Optical Sensors with Metal Ions

  • D. Max Roundhill
Part of the Modern Inorganic Chemistry book series (MICE)


Optical sensors are materials that potentially have a wide range of uses and applications in both medical and environmental situations among others. Optical sensors can be designed to make use of changes in the wavelengths or extinction coefficients of the sensing material. Alternately for emissive materials, it is possible to use changes in the emission wavelengths or intensities to monitor the presence or absence of chemical species. These chemical species can be cations, anions, or organic molecules. For a sensor to be useful it is necessary for the device to be selective for the specific chemical species of interest, and that the change in the property of the sensing material be responsive in a consistent manner to changes in concentration of the chemical species being detected or analyzed.1–8 This chapter is focused on optical sensors incorporating metals, and one feature of such sensors is their use to detect metal ions in solutions. For the metal binding site in such a sensor it is usual to employ chelate or macrocyclic ligands because they can be tailored to selectively complex a variety of different metal ions. For the detection of uncharged molecules a host will usually be selected such that its cavity matches the shape and size of the chosen guest. More recently metal-containing optical sensors are being developed that can function as anion selective receptors, and again the receptor must be specifically designed to meet the requirements of the individual anions.9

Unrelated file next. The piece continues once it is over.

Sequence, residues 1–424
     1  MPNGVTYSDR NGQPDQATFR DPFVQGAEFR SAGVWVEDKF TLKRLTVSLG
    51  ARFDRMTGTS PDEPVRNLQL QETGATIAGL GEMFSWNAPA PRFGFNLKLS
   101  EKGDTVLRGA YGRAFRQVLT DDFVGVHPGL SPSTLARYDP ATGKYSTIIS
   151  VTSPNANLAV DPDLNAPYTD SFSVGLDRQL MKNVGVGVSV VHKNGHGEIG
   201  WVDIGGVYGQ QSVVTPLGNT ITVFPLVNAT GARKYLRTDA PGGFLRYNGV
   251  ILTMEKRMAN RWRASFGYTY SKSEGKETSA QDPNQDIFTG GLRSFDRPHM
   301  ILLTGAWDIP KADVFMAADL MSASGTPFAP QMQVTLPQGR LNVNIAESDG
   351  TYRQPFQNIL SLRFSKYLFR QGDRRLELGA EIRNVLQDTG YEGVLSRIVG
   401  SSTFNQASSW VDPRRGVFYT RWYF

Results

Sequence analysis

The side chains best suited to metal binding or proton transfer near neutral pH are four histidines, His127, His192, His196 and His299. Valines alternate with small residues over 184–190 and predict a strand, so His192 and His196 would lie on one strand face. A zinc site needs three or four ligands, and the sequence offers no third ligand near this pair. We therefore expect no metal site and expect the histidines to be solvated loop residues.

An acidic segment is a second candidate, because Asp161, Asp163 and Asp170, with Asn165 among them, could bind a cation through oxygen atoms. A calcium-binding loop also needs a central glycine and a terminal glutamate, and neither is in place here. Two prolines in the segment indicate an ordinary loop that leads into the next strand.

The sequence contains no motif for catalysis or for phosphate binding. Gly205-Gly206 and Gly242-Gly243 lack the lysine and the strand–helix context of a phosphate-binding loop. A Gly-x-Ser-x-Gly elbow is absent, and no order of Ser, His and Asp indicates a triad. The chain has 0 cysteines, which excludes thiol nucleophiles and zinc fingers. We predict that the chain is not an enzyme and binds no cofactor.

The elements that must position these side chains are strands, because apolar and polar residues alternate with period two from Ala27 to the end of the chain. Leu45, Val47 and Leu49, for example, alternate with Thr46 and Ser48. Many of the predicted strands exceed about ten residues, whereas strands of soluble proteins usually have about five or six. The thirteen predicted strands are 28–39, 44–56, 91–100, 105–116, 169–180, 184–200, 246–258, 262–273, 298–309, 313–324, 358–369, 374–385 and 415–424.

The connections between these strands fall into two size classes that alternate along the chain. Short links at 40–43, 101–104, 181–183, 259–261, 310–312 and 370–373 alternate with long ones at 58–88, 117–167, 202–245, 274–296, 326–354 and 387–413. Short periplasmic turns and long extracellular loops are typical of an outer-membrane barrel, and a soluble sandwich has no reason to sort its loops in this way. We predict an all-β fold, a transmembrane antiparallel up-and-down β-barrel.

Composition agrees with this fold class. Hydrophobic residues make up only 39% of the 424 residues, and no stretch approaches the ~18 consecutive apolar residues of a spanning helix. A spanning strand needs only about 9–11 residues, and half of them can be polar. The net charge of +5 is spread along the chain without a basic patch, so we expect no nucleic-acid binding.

Crown Ether Optical Sensor Lone Electron Pair Photoinduced Electron Transfer Fluorescent Sensor 
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Copyright information

© Springer Science+Business Media New York 1999

Authors and Affiliations

  • D. Max Roundhill
    • 1
  1. 1.Department of Chemistry and BiochemistryTexas Tech UniversityLubbockUSA

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